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We’ve posted a number of blogs about Cisco Optics’s “Single-Lambda 100G” pluggable optics based on PAM4 modulation. At the beginning of the year we announced the first product in this series, the QSFP28 100G FR (Product ID: QSFP-100G-FR-S). We are excited to add a new addition to this series, the QSFP28 100G DR (Product ID: QSFP-100G-DR-S).
Single-Lambda 100G Optics
You may notice that there’s only one letter difference between the two products – “D” versus “F”. They both use Single-Lambda 100G technology based on PAM4 modulation. This means that they are optically interoperable with 400G pluggable optics that support 100G breakout, such as Cisco’s QDD-400G-DR4-S. That makes it easier for network operators to incrementally migrate their architectures from a 100G foundation to 400G. Furthermore, both the DR and FR optical specifications are standardized. Therefore, any future smaller 100G form factor that supports Single-Lambda 100G, such as SFP112, would be optically compatible with them.
DR versus FR
So what’s the difference between the two products? It’s the maximum length of fiber it can support, a.k.a. the reach. FR reach is 2km, while DR reach is 500m. At 500m, DR is great for applications inside data centers such as leaf-spine connectivity, where the fiber length seldom exceeds 100m, let alone 500m. DR complies with the IEEE standard 100GBASE-DR. At 2km, many service providers will find the FR to meet their needs for longer distances that don’t require 10km reach optics. FR complies with the 100G Lambda MSA 100G-FR standard. The IEEE is also close to releasing a 100GBASE-FR1 standard, which this product will also comply with.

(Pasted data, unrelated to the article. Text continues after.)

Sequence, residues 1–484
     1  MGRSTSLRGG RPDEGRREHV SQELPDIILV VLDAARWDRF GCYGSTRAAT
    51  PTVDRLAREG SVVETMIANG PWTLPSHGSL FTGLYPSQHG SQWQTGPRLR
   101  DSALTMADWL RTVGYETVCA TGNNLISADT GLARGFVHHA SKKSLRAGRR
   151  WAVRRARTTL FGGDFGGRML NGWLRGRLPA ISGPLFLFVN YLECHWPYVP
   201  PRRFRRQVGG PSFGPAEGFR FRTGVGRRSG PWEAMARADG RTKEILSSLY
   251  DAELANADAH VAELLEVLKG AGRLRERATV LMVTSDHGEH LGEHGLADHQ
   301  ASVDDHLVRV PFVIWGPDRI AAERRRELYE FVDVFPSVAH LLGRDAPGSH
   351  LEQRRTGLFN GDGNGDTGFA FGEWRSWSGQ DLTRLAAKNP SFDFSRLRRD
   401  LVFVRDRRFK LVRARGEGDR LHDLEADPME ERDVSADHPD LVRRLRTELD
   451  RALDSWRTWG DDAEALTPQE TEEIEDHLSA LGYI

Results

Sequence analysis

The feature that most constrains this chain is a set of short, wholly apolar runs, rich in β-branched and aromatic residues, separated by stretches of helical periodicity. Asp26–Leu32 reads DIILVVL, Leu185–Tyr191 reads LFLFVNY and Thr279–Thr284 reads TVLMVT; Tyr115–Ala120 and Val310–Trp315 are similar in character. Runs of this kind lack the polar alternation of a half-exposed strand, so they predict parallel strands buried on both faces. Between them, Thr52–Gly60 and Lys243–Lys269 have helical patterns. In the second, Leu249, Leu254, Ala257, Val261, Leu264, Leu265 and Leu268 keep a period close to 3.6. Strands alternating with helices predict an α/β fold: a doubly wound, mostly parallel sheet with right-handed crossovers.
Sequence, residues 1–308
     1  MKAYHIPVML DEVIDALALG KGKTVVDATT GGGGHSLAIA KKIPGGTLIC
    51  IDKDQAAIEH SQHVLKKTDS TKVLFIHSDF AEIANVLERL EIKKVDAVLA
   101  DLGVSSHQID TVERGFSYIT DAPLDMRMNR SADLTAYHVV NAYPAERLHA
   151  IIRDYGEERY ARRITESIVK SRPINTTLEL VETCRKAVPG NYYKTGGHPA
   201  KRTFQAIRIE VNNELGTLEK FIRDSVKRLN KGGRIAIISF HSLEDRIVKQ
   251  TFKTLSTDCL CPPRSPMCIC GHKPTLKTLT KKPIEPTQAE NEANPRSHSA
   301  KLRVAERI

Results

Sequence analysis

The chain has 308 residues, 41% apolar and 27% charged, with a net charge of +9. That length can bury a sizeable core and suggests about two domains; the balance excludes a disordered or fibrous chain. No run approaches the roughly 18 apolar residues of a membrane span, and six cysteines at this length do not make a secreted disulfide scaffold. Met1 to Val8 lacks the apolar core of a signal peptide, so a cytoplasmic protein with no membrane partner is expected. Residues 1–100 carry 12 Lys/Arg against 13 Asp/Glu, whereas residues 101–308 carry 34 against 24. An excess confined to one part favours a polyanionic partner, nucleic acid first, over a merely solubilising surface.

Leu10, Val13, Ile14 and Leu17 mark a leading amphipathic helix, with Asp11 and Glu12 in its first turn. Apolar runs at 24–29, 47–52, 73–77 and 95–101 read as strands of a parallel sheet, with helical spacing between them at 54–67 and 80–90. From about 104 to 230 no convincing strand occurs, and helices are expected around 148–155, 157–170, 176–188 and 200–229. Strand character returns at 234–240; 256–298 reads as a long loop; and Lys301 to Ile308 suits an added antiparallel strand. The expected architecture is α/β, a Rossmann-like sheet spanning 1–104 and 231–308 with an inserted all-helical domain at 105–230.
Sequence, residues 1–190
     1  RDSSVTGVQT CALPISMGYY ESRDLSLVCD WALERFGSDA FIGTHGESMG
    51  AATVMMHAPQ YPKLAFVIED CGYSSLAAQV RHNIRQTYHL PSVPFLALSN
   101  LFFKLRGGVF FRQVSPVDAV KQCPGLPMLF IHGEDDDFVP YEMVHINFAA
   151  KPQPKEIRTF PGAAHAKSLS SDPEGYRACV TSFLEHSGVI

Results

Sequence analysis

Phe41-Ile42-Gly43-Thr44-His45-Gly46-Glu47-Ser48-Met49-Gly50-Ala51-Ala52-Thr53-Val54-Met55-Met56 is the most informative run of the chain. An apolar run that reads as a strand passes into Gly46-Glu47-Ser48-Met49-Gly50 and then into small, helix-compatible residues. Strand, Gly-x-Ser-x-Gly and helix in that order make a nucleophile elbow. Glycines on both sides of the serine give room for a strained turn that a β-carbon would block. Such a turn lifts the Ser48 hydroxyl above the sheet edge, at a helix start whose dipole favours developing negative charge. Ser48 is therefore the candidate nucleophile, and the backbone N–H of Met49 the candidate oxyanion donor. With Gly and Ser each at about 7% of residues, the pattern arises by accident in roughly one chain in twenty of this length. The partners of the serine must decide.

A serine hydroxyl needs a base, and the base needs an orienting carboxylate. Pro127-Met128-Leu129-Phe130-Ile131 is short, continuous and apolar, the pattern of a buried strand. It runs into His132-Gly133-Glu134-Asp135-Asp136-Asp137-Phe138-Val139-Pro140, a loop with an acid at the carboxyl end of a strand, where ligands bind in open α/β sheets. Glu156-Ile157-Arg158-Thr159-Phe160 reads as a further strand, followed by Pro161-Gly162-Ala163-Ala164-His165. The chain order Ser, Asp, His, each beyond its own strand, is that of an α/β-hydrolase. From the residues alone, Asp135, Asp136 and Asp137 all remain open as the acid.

If you’re wondering what it is about the DR and FR transceivers that makes them support different reaches, it’s the transmitter signal power levels and receiver sensitivities. They’re tuned for their respective distances over single-mode fiber. Experts in the IEEE and the 100G Lambda MSA thought this through in painstaking detail to come up with the details of the optical specifications. So network operators only have to worry about is the distance of their links.
Special thanks to Cisco engineers, some of whom lead the aforementioned standards bodies, put a lot of blood, sweat, and tears into the design so that you don’t have to.
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Great write up – thanks Pat. Probably one of the most straightforward, easily digestible and understood explanation of this topic that i have read!
Thank you David! Glad it’s helpful.
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